4D MRI, future of fetal imaging? Study throws light
UK: A new imaging method developed by researchers from King's College London could help clinicians give better information about fetal heart. In the study, published in the journal Nature Communications, the researchers described how they measured volumetric blood flow using 4D MRI.
To achieve the desired 4D imaging, multiple 3D images were reconstructed into cine loops that simulate foetal heartbeats. The loops allowed two cardiologists to visualize foetal blood flow, a component of heart health that can't be easily observed with current prenatal imaging technologies.
Prenatal detection of congenital heart disease facilitates the opportunity for potentially life-saving care immediately after the baby is born. Echocardiography is routinely used for screening of morphological malformations, but functional measurements of blood flow are scarcely used in fetal echocardiography due to technical assumptions and issues of reliability.
The MRI technique described in the study is similar to that used for cardiac imaging but prenatal imaging had its own limitations including spontaneous fetal motion and a much faster heart rate.
"Here, we present and validate a novel method of MRI velocity-encoding combined with a motion-robust reconstruction framework for four-dimensional visualization and quantification of blood flow in the human fetal heart and major vessels," wrote Thomas A. Roberts, King's College London, London, UK, and colleagues. "We demonstrate simultaneous 4D visualization of the anatomy and circulation, which we use to quantify flow rates through various major vessels. The framework introduced here could enable new clinical opportunities for assessment of the fetal cardiovascular system in both health and disease."
The research team tested the new 4D imaging method with seven foetal cases, including three healthy subjects, two subjects with right-sided aortic arches and two with other cardiac abnormalities. The subjects ranged from 24 to 32 weeks in gestational age.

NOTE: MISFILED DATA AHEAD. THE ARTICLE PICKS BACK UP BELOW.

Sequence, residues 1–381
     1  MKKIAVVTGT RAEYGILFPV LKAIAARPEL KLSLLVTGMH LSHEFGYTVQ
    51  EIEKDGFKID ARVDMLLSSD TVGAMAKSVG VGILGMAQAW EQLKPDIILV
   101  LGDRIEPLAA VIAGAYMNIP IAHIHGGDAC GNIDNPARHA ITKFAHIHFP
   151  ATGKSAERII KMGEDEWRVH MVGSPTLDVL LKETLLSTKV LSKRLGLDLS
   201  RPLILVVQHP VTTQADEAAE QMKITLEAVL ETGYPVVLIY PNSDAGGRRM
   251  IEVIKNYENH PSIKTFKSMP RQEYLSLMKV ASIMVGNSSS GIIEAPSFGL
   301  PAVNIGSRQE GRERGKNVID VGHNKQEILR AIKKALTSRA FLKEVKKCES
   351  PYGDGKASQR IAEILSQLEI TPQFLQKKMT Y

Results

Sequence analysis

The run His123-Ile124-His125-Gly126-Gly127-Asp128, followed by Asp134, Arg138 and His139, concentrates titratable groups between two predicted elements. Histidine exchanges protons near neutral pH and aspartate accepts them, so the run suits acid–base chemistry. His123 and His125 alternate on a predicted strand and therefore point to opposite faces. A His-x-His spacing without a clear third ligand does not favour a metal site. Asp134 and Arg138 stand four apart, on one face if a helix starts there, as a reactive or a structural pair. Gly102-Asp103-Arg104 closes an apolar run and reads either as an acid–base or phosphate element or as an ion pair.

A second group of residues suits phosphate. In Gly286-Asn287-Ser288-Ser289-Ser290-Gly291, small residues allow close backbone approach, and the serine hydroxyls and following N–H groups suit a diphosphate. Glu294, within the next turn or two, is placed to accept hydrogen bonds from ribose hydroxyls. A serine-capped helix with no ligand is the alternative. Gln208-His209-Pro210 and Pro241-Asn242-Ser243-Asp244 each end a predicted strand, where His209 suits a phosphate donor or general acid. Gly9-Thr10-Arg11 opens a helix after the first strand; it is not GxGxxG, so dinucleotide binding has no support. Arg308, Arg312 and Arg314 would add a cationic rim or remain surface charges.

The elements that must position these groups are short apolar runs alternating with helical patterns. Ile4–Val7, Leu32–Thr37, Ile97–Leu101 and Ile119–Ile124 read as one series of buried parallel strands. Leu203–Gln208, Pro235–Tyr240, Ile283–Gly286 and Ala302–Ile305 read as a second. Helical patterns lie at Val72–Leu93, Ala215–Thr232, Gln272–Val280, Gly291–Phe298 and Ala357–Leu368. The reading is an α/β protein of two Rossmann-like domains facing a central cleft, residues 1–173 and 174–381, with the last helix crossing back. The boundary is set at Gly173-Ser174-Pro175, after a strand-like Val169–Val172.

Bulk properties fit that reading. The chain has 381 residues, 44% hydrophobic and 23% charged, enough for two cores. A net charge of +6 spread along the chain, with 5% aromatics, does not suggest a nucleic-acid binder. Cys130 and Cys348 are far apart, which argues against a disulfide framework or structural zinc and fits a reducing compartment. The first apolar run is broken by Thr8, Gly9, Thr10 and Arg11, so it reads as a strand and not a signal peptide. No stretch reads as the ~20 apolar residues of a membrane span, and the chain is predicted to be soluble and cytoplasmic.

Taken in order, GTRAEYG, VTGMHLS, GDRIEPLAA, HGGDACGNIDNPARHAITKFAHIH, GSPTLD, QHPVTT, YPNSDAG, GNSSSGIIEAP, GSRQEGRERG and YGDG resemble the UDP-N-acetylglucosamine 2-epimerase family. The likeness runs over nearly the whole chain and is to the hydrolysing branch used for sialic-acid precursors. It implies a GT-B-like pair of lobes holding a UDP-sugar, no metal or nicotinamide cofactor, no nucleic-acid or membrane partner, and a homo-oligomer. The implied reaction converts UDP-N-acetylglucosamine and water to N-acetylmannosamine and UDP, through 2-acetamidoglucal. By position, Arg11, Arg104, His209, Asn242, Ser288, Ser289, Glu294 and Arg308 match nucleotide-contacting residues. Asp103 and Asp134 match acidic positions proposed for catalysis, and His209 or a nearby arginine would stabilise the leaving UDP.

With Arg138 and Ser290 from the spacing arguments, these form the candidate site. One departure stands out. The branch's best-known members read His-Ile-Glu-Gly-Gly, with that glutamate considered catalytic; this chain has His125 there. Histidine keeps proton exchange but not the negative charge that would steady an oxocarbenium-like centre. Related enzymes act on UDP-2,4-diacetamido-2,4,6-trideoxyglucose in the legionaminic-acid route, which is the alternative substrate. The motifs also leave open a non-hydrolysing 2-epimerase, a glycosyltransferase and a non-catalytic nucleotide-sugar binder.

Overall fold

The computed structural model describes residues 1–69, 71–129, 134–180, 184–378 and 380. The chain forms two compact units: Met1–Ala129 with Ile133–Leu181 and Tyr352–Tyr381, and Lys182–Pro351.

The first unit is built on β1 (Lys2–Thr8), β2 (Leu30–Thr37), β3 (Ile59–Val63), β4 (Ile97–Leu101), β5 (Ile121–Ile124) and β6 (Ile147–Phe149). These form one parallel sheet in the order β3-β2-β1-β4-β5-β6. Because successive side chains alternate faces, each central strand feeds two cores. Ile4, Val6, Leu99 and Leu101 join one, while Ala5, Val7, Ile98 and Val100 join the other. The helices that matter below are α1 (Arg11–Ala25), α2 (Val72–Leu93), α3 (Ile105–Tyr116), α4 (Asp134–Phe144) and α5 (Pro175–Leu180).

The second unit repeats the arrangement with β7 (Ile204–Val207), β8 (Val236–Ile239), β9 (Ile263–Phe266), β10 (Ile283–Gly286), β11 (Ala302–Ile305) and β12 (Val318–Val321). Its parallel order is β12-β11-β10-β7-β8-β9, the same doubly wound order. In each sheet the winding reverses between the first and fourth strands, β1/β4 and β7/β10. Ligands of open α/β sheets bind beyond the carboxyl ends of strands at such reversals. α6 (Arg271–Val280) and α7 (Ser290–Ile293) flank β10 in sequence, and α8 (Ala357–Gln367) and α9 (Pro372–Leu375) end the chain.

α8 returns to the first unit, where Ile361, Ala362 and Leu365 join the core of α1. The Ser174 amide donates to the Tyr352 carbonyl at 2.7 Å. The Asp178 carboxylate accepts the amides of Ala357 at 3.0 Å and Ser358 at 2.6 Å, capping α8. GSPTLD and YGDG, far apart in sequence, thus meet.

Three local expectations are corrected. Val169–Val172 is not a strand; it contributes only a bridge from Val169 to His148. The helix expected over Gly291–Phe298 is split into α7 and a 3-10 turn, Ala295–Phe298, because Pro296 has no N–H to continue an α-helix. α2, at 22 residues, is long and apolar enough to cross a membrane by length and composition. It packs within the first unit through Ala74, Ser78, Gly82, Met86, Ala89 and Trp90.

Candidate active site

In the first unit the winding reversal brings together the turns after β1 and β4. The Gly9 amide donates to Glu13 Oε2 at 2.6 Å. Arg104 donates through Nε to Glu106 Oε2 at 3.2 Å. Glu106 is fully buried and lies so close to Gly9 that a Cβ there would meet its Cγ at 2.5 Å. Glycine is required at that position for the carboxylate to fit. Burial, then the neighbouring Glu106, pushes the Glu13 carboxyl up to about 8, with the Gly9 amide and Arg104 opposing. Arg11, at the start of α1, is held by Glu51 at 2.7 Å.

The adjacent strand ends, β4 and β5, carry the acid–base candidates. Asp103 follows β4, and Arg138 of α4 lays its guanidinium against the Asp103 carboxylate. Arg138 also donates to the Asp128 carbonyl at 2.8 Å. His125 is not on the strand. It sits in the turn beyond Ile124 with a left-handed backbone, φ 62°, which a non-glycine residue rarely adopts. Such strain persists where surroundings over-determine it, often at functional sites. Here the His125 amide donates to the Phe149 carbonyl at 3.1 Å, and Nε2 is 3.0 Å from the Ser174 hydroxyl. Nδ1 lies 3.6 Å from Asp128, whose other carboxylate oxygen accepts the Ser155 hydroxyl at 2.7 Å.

When two foetal cardiologists assessed the 4D MR images, they observed pulsatile blood flow through the entire cardiac cycle. The blood flow patterns appeared as expected on both 2D and 3D visualizations, The readers used the 4D images to successfully delineate 96% of 140 possible vessel segmentations. They also used the regions-of-interest to create flow curves, which had a 97% success rate and showed pulsatile, phasic blood flow in major arteries for most subjects.
One drawback of the imaging method was that it performed relatively poorly for visualizing flow through the ductus arteriosus (DA). The trouble with DA could be attributed to the MRI method's low spatial resolution and long temporal resolution, which can result in blurring for the smallest boundaries. Other problems with the MRI technique included some inter-repeatability bias, including that one reader scored blood flows slightly faster than the other.
Despite these drawbacks, the readers still observed flow fastest in the outflow tracts and slower in the inferior vena cava and superior vena cava. This demonstrates the method's efficacy for identifying flow abnormalities.
The study, "Fetal whole heart blood flow imaging using 4D cine MRI," is published in the journal Nature Communications.